The pro freeskier first fell in love with the lift-accessed extremes of Engelberg in 2002, and has returned from his home in Sweden for every winter season since.

My dad was a coach for a ski club in Sweden, though he never raced himself. He’s the one who got me into skiing. I raced until I was 19, but I wasn’t very serious about skiing back then. My father would like to think I was on my way to the World Cup, but I really wasn’t. It wasn’t just lack of talent, but laziness on my part. After leaving the ski academy, I crashed my dad’s car on a slippery road when I was out having fun. I figured he would obviously be pissed.

My 20-year-old brain didn’t want to deal with it, so I took a train down to Stockholm with a friend from the academy to book a ticket to the States and leave town before my dad got home from work that day. My friend and I had been talking about trying this whole freeskiing thing. So, we just went into a travel agency and asked for a cheap ticket to the States—we didn’t know where, we just wanted to go somewhere on the west side of the country on a cheap ticket. 

We flew to San Francisco and bought a Volvo 240 from this shady pizza joint guy for $2,000. We toured around the West Coast, up to Whistler, to Tahoe and Snowbird for about three months. That was the first time I went freeskiing. After that trip I figured I would not be getting into a speedsuit again. This was way more fun.

When I first went to Engelberg in 2002, I was just supposed to stay for a week. But Switzerland and I clicked, and I ended up staying for the season. Then I went back the next year. After a few years, I thought I should probably try another place, but the more places I saw, the more I really liked Engelberg. It’s a great place to work for professional skiers and photographers.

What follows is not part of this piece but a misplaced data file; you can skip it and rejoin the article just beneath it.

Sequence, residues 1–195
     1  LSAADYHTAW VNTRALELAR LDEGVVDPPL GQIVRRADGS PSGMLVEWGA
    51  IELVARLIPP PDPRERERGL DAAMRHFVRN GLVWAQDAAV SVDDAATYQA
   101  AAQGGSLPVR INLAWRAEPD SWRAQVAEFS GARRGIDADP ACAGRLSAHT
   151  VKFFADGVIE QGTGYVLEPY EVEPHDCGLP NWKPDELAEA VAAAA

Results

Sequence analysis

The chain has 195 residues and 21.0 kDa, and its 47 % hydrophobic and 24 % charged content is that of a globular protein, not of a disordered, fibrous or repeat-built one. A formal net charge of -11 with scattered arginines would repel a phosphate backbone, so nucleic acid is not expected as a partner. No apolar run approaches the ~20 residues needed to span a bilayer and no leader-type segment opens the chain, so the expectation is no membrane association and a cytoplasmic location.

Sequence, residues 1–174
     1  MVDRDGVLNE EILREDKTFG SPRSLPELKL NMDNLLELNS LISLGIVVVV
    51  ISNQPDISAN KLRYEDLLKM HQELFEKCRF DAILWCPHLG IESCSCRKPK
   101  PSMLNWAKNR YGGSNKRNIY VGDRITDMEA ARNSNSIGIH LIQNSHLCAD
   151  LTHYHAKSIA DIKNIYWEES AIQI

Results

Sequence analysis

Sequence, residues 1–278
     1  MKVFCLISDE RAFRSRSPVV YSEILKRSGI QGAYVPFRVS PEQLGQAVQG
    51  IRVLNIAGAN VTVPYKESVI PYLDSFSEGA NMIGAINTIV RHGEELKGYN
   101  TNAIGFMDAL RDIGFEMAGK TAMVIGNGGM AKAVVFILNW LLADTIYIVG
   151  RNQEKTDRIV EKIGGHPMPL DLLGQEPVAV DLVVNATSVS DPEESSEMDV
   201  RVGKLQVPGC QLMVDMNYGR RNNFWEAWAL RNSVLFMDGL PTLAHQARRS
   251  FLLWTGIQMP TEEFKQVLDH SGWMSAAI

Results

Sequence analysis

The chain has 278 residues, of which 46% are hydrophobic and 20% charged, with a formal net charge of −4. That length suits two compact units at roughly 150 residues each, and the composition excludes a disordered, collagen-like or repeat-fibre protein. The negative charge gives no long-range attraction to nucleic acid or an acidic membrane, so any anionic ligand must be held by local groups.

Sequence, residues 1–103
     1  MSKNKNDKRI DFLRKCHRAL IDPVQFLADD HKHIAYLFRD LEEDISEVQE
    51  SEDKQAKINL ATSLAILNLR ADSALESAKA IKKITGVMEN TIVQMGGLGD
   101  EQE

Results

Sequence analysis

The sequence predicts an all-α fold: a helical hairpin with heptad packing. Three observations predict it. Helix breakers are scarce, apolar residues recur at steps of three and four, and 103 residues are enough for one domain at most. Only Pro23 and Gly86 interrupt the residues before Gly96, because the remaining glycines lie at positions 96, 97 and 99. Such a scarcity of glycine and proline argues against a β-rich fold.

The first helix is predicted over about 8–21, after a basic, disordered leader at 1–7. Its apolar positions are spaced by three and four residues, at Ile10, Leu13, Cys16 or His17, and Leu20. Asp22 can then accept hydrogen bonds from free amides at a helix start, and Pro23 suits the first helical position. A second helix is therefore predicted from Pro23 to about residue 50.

The extremely good lift-accessed skiing, with big runs that are between 3,000 and 6,000 vertical feet, is what Engelberg is famous for. The ski touring is also amazing, but it ended up in the shadow of the lift-accessed skiing because the runs off the lift are so special in comparison to what’s at other resorts.

Read more: The Show Must Go On - Anna Segal

Originally published in the November 2018 issue of SKI Magazine.

Related

Marcus Caston and Johan Jonsson in Switzerland for Face of Winter

The Show Must Go On

With "Face of Winter," Warren Miller Entertainment keeps a beloved tradition alive and continues to spread Warren's Gospel of Skiing.

Jess McMillan

The Show Must Go On: Jess McMillan

The Freeride World Tour Champion has won more freeskiing comps than any other skier, and has been a regular fixture in WME films since 2011.

Kim Schneider

The Show Must Go On: Kim Schneider

For 10 years Schneider and Warren worked side by side during long, grueling editing days to deliver the next WME film to the masses.

Jonny Moseley for Face of Winter

The Show Must Go On: Jonny Moseley

For the past decade, Jonny Moseley has been the voice of WME’s annual ski movies.

Mike Wiegele

The Show Must Go On: Mike Wiegele

Mike Wiegele Helicopter Skiing has been featured in countless WME films over the years, and Mike himself also skied for Warren’s camera back in the day.

Anna Segal for Face of Winter

The Show Must Go On: Anna Segal

When the Aussie native and former slopestyle Olympian was invited to join the WME crew in Iceland to shoot for this year’s film, she ditched her day job and hopped on a plane.

Marcus Caston in Switzerland for Face of Winter

The Making Of "Face of Winter" | Switzerland

Marcus Caston and Johan Jonsson experience the pure skiing bliss of Engelberg and Crans-Montana.

Warren Miller's Face of Winter in Alaska

The Making of "Face of Winter" | Denali National Park & The Tordrillo Mountains

Jess McMillan and Forrest Jillson explore the empty, massive slopes of Alaska for the upcoming Warren Miller Entertainment film.